Radioactivity, or radioactive decay, is the process by which an unstable nucleus gives off energy as radiation as it seeks a more stable state. In alpha decay an alpha particle is emitted, which is a helium nucleus. In beta decay a high-energy electron, called a beta particle, is emitted from the nucleus rather than from the electron cloud. In gamma decay, a gamma ray is emitted, which is electromagnetic radiation with the shortest known wavelength. Any isotope that emits radiation is called a radioisotope. Radioisotopes each have a half-life (t1⁄2), the time it takes for half of a sample of the isotope to decay. Half-life can be used in radiometric dating, that is, determining the age of a substance based on its isotopic composition. The radiation emitted during radioactive decay can be harmful to organic tissue. The biological effects of radiation can be categorized as deterministic or stochastic, acute or latent, and somatic or genetic. Instruments used to measure radiation include Geiger counters, scintillation counters, and dosimeters. Although radiation is dangerous to living organisms, radioisotopes have many practical applications, including nuclear medicine, industrial and research uses, and the generation of electricity in nuclear power plants.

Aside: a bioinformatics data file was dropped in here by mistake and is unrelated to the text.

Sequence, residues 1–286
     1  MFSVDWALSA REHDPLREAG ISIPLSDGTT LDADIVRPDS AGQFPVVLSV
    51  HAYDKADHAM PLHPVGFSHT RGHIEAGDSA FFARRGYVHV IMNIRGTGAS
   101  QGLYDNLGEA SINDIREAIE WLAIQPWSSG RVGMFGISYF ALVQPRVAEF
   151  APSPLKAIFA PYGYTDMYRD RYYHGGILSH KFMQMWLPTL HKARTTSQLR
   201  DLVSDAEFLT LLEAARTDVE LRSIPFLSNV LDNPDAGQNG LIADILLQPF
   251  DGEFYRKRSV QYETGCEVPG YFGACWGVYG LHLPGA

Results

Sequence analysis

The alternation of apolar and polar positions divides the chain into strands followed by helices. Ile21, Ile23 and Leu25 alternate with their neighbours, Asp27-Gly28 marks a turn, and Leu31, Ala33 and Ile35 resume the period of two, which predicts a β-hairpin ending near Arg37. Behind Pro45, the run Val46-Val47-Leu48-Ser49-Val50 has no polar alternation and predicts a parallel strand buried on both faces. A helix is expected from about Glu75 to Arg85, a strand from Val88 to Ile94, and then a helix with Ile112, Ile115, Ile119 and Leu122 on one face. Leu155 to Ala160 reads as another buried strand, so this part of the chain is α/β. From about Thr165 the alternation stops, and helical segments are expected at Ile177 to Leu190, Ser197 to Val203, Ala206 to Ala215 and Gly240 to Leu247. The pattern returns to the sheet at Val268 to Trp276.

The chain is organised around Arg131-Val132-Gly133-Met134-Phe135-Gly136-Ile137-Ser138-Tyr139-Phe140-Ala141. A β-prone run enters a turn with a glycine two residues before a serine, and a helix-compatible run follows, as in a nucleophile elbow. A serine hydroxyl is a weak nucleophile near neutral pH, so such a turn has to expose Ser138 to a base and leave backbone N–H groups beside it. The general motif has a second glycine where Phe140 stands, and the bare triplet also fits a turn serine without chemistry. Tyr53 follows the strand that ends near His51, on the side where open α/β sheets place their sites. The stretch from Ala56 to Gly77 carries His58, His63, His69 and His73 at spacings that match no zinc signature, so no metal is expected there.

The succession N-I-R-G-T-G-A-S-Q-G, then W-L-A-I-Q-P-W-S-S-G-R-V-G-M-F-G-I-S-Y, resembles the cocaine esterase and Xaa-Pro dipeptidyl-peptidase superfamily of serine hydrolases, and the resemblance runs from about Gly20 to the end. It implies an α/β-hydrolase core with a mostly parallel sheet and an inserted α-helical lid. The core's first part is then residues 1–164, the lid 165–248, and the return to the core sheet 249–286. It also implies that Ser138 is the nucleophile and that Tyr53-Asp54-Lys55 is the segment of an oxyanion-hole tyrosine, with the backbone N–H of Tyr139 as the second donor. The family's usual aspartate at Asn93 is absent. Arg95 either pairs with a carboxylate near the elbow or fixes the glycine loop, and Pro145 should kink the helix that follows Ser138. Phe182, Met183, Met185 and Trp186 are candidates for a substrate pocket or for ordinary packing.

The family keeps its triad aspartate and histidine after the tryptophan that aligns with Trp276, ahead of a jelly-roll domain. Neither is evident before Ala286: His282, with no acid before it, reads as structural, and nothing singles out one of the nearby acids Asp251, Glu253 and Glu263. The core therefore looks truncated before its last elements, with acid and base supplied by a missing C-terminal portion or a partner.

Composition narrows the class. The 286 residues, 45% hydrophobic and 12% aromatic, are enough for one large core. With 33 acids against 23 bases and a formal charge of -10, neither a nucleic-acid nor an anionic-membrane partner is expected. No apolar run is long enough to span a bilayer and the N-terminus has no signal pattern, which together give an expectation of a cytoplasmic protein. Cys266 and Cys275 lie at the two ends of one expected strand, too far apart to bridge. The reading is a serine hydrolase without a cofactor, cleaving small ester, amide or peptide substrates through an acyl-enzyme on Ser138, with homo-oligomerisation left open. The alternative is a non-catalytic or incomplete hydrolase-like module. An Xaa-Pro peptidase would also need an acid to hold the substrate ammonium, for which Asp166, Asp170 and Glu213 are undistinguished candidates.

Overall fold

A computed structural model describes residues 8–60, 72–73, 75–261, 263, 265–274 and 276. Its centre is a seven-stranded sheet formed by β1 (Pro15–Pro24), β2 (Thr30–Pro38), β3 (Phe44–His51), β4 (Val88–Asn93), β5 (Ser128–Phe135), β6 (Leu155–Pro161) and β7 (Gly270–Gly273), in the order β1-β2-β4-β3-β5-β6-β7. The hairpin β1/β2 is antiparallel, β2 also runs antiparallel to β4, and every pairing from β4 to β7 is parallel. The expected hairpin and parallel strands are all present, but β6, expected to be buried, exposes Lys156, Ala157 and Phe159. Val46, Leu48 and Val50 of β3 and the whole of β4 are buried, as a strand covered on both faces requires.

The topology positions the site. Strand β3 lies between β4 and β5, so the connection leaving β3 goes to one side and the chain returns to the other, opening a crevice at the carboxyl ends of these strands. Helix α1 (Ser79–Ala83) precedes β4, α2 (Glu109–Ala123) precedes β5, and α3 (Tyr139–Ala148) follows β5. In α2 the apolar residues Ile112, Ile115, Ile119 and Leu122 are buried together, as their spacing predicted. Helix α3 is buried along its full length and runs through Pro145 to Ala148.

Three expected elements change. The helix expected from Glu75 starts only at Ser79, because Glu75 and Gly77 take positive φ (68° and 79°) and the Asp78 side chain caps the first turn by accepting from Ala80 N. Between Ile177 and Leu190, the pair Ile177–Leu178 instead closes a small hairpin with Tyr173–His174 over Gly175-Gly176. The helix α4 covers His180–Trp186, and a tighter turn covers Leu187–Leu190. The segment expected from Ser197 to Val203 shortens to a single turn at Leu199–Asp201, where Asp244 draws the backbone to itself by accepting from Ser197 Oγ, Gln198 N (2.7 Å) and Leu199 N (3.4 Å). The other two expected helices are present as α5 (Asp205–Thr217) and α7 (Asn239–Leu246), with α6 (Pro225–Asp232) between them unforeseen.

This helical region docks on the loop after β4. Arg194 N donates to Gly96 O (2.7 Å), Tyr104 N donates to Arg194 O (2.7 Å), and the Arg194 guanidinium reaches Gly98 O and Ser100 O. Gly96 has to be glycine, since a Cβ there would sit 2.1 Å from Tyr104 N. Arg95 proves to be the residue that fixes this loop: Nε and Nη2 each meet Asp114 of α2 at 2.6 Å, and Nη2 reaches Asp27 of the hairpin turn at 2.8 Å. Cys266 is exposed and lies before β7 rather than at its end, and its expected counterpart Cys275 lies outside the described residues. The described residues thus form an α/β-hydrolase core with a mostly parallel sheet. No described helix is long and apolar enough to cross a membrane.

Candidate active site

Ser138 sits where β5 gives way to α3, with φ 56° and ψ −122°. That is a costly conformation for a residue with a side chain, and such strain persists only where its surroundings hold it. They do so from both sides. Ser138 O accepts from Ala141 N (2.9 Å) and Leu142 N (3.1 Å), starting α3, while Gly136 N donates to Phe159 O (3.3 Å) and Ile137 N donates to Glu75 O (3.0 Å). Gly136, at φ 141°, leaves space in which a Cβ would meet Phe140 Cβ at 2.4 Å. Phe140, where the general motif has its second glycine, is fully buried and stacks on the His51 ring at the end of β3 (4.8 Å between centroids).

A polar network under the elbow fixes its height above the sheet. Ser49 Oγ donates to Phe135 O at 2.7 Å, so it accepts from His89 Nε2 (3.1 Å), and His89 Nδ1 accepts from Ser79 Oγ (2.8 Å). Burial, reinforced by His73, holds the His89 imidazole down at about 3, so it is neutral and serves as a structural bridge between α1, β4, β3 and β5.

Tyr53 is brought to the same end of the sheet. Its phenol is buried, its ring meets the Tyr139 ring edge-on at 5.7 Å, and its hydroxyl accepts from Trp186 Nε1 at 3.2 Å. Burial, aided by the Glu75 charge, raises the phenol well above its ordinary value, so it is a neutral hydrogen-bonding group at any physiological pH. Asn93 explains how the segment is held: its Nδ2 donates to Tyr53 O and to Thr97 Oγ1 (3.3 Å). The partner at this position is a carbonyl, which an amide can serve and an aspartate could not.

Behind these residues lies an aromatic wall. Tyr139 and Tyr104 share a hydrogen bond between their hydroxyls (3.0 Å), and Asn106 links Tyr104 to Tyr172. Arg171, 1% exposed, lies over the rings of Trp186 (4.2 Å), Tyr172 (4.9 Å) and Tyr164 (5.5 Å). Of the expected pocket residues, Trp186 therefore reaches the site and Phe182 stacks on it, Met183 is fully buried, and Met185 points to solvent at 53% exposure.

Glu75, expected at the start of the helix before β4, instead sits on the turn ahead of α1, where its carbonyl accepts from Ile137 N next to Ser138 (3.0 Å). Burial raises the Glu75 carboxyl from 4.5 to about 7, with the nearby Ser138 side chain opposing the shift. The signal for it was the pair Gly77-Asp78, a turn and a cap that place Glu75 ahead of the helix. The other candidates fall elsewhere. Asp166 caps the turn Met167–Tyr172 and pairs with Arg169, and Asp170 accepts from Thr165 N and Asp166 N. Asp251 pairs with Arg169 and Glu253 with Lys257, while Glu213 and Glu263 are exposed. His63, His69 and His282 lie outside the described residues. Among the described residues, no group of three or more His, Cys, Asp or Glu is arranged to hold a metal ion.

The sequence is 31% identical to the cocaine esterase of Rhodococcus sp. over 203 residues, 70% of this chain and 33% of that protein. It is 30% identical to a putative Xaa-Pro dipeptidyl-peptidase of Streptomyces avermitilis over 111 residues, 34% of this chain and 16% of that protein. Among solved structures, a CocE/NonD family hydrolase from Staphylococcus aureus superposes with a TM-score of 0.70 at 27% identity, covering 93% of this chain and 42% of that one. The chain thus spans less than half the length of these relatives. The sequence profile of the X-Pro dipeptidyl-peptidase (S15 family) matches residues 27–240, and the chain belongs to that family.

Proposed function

At A Glance
Radioactive decay happens when an unstable nucleus gives off energy as radiation. Alpha, beta, and gamma decay are the three main types of radioactive decay.
- Ionizing radiation, which can form ions when it strikes a molecule, can cause biological effects that are frequently harmful to organisms. Instruments to detect ionizing radiation include Geiger counters, scintillation counters, and dosimeters.
Radioisotopes have many uses, including those in nuclear medicine, as radiolabels in research and industry, in gamma radiography (testing pipelines and infrastructure), and in generating electricity in nuclear power plants.